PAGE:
Myth: Not Smoking Will Ruin Your Social Life
Neil Gussman, a writer living in Lancaster, Pennsylvania, and a smoker for 20 years, feared that his social life would be ruined when he first quit smoking. Instead, thanks to his stronger set of lungs, he found entirely new avenues of social interaction. “After quitting, I became a runner and a Masters bicycle racer,” he says. Last year, at 61, Gussman finished an Ironman competition. Now, you don’t have to go to Gussman’s extremes with a new hobby — any activity will be more fun and less physically challenging once you stop smoking, Folan says.
Myth: You’ll Lose Your Smoking Friends
The other part of the social life equation that smokers fear is that they’ll lose all their friends who smoke. However, you may be quite surprised to find out how supportive your friends can be, especially if you explain why quitting smoking is important to you. In fact, Folan says, your resolve to quit could be the catalyst for your friends to consider giving up cigarettes right along with you.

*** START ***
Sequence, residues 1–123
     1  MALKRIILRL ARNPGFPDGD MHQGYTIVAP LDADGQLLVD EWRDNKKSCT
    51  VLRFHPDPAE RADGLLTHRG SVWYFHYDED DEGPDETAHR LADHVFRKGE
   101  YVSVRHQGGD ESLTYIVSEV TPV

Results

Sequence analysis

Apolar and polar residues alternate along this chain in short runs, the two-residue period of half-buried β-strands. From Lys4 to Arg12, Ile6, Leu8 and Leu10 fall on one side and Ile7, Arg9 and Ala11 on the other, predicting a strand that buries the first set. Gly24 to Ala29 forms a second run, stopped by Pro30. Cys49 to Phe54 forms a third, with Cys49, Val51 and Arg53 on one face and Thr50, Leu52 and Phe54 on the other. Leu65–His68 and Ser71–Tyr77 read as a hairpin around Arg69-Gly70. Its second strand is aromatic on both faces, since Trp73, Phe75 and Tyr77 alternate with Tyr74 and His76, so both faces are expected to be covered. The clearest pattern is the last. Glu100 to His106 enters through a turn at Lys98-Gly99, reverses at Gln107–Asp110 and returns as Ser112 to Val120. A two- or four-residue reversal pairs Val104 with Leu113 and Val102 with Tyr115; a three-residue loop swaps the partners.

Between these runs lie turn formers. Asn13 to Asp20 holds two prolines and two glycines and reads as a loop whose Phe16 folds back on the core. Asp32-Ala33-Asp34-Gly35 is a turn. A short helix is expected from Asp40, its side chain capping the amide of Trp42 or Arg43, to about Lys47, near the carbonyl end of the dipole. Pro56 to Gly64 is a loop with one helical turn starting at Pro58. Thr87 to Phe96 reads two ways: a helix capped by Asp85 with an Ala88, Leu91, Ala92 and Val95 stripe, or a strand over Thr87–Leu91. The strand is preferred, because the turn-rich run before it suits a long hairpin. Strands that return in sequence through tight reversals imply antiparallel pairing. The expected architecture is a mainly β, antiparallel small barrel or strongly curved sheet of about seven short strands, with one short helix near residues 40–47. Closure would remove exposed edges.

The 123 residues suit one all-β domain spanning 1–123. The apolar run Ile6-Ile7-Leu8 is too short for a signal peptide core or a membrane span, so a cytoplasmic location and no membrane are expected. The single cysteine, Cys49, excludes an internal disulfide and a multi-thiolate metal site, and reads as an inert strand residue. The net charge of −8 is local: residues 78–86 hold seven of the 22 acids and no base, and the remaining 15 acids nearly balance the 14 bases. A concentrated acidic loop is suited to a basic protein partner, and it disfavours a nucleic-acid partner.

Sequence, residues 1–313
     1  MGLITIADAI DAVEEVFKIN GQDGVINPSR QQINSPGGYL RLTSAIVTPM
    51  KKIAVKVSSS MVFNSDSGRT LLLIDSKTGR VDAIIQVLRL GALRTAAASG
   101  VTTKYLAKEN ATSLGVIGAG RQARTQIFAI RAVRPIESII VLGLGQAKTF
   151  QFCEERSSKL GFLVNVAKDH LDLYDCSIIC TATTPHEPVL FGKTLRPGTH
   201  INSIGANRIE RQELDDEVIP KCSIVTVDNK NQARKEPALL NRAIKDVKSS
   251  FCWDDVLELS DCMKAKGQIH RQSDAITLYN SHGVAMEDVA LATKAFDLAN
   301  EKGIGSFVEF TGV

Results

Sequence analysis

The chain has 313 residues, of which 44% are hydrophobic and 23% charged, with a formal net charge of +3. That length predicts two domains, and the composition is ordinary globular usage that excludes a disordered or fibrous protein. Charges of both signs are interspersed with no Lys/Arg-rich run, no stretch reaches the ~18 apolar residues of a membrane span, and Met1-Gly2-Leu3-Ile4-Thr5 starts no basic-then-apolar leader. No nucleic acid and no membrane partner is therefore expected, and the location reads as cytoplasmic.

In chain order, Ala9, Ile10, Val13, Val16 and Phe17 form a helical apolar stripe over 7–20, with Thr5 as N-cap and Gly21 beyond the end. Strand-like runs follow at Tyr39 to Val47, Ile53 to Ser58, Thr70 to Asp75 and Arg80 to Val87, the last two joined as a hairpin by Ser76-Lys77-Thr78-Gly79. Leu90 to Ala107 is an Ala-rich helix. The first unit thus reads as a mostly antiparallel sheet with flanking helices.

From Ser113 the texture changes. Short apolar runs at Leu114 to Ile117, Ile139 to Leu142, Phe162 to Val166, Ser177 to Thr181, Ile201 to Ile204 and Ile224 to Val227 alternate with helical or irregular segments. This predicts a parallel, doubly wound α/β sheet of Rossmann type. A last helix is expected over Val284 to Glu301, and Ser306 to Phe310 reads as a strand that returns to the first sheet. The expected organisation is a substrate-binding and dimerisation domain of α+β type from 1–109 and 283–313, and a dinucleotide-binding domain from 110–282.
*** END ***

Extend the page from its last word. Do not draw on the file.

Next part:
Myth: You Won’t Be as Creative
Another side effect that Gussman feared as he began the process of not smoking was that he would no longer be as creative and effective as a writer. Time and experience showed that this definitely was not the case. In fact, many creative people find that their creativity improves because they’re no longer preoccupied by when they’ll have that next cigarette and don’t have to stop work to go smoke, Folan says. Any loss of focus should be temporary, just like any mood swings.
Myth: You’ll Develop a Cough
Some people are hesitant to stop smoking because they believe cold-like symptoms or uncontrollable coughing might come next. “I’ve heard some people express fear that quitting will make them sick. This is definitely not true,” stresses Marc L. Steinberg, PhD, an associate professor of psychiatry at the Rutgers University Robert Wood Johnson Medical School in New Brunswick, New Jersey. “Tobacco use is the leading preventable cause of death in the United States”. Worldwide, it is responsible for about 6 million deaths each year, according to the Centers for Disease Control and Prevention. About 438,000 of those deaths are in the United States, the American Lung Association reports. The best thing you can do for your health is quitting smoking, Steinberg says. If you do develop a cough, drinking more fluids and giving it a little time will generally improve the situation, Folan adds.
Myth: Quitting Is Too Expensive